First Light Ventures: Social Investors Share Their Best Practices For Raising Funds

How do I raise seed money? That is the top question I receive from entrepreneurs looking to start a company. And even more so from entrepreneurs who are attempting to start a company to create social and environmental good.

First the good news. As of 2010, $3 trillion of professionally managed funds were following Socially Responsible Investing strategies. That is a 380% increase over 15 years. There are funds available for entrepreneurs seeking to create a business focused on achieving social and environmental positive results.

To learn best practices for attracting socially responsible seed funding I interviewed Mark Hand and Nikhil Dandvati of First Light Ventures at the recently held Investor Circle conference in San Francisco.

Here’s a summary of their suggested best practices for raising seed money to fund a social enterprise:

Your business has to have a viable plan for making money. This is investment seed money, not a grant or gift. Financial return is the foundation for any investment including a socially responsible one. A key difference in socially responsible investing can be lower return expectations by the funding investors compared to venture capital sources of funding. But fundamentally, to raise capital a business needs to demonstrate its ability to at least achieve an investment rate of return comparable to “market returns” or the amount of investing profit an investor would receive investing in a stock market index of funds.

Know your targeted investor. Imagine trying to sell to someone you don’t know. Investors have their own criteria for making investments. If what you are proposing is a business that an investor has already defined as not one they will invest in then you are wasting their time and yours. Alternatively, imagine finding someone standing on a burning platform and you are selling fire extinguishers. That is what your investor due diligence should involve, finding that investor looking for exactly what you have to offer.

Know how to communicate to your targeted investor. I will tell you from experience that different investors have different expectations on how they want to see an investment proposal. Some investors want to hear an elevator pitch that has to propose a solution to a big problem that has strong intellectual capital protection and the potential to make a huge amount money for investors within five years. Other investors want to review your financial spreadsheet and detailed business plan before they schedule a first meeting. And in the middle are investors who want to see a one-pager outlining the opportunity. The key to raising money is to know what your target investor’s expectations are regarding how they want to be pitched.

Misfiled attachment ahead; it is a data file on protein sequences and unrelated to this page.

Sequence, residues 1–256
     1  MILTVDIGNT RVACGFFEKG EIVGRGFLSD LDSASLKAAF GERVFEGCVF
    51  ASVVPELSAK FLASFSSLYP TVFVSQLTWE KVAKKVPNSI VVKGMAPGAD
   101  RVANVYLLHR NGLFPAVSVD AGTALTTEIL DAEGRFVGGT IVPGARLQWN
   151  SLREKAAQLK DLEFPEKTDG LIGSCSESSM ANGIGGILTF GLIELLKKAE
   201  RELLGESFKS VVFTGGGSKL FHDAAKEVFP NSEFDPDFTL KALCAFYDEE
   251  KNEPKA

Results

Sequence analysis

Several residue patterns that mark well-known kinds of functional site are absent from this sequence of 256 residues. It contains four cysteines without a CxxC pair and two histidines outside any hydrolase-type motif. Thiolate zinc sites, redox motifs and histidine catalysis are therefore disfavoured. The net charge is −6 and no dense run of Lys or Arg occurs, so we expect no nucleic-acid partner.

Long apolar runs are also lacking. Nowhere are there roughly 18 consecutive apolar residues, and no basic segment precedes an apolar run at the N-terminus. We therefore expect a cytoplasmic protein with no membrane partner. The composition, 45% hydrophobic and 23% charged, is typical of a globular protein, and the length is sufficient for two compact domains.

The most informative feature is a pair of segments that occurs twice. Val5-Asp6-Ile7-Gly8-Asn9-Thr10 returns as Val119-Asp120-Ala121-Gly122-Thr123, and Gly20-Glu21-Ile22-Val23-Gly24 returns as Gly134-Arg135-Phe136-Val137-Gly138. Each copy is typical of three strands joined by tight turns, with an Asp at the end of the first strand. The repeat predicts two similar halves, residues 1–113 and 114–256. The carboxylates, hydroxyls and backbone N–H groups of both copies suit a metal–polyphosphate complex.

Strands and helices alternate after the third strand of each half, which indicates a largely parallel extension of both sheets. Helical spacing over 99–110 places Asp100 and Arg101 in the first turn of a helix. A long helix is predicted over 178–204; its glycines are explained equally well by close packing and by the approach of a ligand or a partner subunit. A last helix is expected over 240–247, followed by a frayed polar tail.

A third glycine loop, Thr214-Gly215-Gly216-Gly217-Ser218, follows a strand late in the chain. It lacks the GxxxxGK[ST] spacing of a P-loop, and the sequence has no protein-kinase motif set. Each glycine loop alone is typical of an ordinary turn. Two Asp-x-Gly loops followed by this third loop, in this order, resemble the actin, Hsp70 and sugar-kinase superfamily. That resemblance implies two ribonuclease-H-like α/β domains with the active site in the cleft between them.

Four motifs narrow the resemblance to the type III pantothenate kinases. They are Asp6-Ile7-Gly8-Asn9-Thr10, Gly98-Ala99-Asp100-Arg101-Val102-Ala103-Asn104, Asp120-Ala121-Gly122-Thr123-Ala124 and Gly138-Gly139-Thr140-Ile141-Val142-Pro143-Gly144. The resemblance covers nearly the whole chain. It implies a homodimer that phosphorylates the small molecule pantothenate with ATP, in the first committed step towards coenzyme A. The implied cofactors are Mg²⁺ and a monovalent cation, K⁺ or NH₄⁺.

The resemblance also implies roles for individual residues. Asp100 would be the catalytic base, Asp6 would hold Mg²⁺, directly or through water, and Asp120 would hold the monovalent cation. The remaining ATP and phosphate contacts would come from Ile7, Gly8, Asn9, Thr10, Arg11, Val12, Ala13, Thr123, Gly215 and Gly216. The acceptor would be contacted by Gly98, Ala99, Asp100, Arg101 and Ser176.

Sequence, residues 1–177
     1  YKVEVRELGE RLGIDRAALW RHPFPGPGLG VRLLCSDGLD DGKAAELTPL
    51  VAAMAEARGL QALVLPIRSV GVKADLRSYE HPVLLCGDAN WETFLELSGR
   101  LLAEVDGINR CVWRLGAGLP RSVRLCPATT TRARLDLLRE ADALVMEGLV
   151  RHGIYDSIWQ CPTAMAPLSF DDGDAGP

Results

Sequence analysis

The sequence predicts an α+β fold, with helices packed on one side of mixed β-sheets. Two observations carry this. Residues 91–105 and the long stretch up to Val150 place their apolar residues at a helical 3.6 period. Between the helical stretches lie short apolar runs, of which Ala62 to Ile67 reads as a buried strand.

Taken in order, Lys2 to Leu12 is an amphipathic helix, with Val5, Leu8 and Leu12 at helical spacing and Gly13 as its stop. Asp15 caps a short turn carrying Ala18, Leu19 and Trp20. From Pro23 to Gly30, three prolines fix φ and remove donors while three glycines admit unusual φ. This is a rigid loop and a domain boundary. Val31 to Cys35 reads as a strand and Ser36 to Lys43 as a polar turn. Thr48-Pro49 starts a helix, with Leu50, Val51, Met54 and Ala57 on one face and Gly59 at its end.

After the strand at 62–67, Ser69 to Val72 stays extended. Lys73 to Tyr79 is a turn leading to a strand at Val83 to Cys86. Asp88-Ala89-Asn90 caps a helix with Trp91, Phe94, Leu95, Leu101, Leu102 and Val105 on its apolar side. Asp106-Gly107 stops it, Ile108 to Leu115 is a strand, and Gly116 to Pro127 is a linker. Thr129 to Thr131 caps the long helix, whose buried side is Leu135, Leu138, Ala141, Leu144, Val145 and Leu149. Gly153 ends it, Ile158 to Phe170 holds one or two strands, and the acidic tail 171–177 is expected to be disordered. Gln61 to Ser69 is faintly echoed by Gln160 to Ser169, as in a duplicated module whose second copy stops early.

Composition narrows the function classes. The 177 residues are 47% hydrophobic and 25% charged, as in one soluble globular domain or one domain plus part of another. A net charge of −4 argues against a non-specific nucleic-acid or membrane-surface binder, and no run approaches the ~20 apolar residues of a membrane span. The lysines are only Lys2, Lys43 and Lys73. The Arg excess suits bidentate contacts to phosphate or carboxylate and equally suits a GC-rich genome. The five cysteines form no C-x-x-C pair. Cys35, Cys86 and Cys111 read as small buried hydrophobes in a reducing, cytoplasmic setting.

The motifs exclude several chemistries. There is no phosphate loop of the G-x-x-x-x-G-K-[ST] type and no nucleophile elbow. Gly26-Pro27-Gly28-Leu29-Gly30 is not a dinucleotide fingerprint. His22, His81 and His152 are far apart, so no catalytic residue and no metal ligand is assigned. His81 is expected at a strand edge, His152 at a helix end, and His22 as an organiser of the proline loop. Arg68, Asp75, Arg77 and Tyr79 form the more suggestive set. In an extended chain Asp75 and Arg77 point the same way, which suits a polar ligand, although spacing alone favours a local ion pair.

Know the odds! Raising money is really hard. The odds are against you. The odds are the investor will say no. This means two things. First, you really need to be prepared to make a convincing presentation. Great ideas can overcome poor presentations. But great ideas presented in a convincing manner have a real chance of gaining investment. The second key point is that hearing no is not a reason to stop trying. Always ask the investor for their reasons for saying no. Typically, they are willing to be candid. Listen and learn. Then take that learning onto your next pitch. Continue this process until you finally win your first round of funding!

To learn more about best practices for raising seed funding watch this interview with Mark Hand and Nikhil Dandavati of First Light Ventures:

Bill Roth is the founder of Earth 2017, a website that posts analysis and trends on the emerging $10 trillion annual revenue smart, healthy and green global economy. His book, The Secret Green Sauce, profiles best practices of businesses making money going green.


Founder of Earth 2017. Author of The Boomer Generation Diet: Lose Weight. Have Fun. Live More that Jen Boynton, Editor in Chief of Triple Pundit , says is "Written in Bill Roth's lovable, relatable tone. A must read for any Boomer who is looking to jumpstart their health and have fun at the same time. I hope my parents read it. "

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